You, T.S. Eliot

Ronald William Fordham Searle: Sick and Dying: Cholera, Tarso Camp, 15 September 1943, Two Months After Illness. Copyright: © IWM. Original Source: http://www.iwm.org.uk/collections/item/object/24373

Note: Words in bold provide passageways to complete texts alluded to in the poem, which was also influenced by the John Prine song “Hello, in There.” By clicking on the audio file at the very bottom of the post, you can listen to the song in its entirety. 

a reading of the poem

You, TS Eliot[1]

Thoughts of a dry brain in a dry season.

TS Eliot, “Gerontion

He died alone in a hospice house
Hallucinating for a day and a half,
Surrounded by a swirl of phantoms,
A misremembrance of things past.

His funeral, too, was poorly attended,
Empty pews here and there,
The eulogy, merely perfunctory.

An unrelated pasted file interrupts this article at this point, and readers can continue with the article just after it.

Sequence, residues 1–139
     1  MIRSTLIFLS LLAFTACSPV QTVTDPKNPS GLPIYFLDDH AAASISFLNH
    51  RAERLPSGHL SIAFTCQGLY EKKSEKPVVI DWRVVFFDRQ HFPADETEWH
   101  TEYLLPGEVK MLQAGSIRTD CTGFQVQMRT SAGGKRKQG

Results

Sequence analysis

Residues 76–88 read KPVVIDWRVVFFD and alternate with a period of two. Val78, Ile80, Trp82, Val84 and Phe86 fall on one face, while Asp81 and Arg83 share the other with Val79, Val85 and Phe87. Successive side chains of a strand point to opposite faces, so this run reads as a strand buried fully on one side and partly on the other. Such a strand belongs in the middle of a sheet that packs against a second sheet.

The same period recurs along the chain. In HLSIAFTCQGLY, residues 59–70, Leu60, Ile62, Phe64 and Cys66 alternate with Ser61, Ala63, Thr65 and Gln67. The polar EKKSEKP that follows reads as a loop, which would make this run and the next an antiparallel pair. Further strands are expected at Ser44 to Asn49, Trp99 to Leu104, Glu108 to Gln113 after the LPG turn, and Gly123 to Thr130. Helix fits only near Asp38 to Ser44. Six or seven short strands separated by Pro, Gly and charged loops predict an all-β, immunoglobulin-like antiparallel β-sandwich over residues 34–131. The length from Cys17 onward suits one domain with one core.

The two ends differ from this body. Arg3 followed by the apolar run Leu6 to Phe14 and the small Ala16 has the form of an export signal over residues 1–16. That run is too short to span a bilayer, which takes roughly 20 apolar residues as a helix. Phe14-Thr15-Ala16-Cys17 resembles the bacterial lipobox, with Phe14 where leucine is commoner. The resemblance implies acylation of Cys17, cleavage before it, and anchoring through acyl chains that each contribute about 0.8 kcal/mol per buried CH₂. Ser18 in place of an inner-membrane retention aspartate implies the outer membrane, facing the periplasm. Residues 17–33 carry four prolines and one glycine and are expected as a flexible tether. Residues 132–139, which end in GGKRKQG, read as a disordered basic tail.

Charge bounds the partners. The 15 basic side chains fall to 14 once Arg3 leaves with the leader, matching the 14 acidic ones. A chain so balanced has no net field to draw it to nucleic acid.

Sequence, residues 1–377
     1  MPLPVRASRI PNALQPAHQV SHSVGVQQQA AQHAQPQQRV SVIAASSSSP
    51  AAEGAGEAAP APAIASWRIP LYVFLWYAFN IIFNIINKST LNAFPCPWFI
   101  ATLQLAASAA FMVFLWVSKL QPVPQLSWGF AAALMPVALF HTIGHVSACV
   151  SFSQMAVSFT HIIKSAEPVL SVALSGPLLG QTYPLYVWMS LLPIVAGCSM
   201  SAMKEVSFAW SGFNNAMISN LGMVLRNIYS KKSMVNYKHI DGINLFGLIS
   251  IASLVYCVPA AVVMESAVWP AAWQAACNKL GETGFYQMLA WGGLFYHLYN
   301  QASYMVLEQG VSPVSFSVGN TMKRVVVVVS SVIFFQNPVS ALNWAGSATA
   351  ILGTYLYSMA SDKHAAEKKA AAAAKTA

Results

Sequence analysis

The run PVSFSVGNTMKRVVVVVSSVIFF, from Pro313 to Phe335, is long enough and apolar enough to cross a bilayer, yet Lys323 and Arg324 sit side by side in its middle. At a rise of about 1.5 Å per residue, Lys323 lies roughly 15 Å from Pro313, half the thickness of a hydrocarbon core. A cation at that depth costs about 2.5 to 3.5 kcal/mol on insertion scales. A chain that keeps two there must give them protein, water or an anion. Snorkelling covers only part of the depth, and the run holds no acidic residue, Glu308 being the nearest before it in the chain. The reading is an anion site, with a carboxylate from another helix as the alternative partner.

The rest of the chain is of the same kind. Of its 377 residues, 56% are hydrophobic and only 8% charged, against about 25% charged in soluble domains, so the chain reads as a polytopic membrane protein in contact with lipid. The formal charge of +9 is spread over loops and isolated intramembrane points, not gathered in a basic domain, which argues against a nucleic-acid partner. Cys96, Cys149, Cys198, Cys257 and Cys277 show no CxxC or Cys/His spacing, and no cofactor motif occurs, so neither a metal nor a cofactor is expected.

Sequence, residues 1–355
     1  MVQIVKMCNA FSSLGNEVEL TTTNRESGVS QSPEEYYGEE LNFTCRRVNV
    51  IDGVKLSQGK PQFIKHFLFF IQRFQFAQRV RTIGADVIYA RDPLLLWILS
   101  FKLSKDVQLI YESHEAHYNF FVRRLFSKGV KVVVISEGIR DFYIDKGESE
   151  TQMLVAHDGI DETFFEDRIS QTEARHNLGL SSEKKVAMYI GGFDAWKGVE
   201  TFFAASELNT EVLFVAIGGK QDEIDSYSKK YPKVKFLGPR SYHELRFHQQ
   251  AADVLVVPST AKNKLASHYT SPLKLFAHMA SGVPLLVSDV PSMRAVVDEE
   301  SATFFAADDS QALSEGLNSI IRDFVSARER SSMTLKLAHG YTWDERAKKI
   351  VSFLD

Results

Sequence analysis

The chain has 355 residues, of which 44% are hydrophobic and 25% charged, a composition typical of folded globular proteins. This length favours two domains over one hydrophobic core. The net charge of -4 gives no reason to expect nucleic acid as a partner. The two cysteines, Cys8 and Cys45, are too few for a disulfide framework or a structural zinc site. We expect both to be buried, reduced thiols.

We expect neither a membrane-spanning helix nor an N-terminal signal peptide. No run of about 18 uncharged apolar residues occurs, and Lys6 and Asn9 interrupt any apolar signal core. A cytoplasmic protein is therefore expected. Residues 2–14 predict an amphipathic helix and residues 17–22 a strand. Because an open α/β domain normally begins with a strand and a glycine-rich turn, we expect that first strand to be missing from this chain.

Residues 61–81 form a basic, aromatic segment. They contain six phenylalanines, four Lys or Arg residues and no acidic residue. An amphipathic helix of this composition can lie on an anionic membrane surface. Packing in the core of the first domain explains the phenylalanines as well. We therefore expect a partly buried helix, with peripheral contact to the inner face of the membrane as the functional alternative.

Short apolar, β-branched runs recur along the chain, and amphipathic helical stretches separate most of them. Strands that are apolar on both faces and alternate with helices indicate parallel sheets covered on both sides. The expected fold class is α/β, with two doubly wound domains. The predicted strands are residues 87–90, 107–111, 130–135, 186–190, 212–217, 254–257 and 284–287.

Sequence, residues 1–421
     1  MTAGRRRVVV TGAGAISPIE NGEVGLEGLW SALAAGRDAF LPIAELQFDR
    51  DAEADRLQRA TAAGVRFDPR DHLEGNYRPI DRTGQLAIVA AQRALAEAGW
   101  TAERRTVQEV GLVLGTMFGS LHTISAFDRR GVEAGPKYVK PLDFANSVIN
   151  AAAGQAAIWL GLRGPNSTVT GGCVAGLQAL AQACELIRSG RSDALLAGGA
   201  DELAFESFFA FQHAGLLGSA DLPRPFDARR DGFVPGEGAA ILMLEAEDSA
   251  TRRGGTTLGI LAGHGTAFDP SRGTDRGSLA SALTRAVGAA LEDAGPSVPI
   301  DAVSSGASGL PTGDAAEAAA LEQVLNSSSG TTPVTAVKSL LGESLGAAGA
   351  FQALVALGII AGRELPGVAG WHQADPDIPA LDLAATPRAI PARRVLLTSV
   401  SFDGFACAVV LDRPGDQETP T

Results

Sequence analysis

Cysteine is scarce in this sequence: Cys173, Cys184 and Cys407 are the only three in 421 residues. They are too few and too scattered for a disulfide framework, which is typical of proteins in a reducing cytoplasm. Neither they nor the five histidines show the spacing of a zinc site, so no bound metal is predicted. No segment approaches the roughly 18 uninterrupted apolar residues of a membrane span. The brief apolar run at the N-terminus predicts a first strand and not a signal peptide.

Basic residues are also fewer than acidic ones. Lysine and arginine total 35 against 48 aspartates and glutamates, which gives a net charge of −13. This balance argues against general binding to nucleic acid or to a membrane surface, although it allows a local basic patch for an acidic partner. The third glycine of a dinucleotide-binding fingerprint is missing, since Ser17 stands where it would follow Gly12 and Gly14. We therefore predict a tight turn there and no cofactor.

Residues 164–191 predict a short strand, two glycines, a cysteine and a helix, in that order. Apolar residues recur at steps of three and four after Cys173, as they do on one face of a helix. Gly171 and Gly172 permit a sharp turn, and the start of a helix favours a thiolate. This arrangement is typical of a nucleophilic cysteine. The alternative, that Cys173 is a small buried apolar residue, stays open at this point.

No one shed a single tear.

Too long a life ¬– calamitous.
No fun being one-hundred-and-one,
Outliving every single peer,
His wife, his daughter, and his son.


[1] The title echoes Archibald MacLeish’s “You, Andrew Marvell,” a very different type of meditation on death. 

“Hello in There” John Prine

From Decadence to the Muni in Three Short Steps

man-ray-meets-wes

 

 

 

Think at last

We have not reached conclusion, when I

Stiffen in a rented house

TS Eliot, “Gerontion”

 

 

When I was young, I courted decadence:

a braless lover in her diaphanous blouse,

my amygdala aglow like phosphoresce,

my rented garret drafty in that crumbling Victorian house.

 

However, in middle age, decadence became passé,

radiators were ditched for central heat,

Man Ray lost out to Andrew Wyeth, and Sunday buffets

replaced sleeping the Sabbath away until three.

 

Now I am old, our children grown,

and though retirement offers a chance to pivot,

I must admit my wild seeds have been sown

as I stiffly stoop and replace my divot.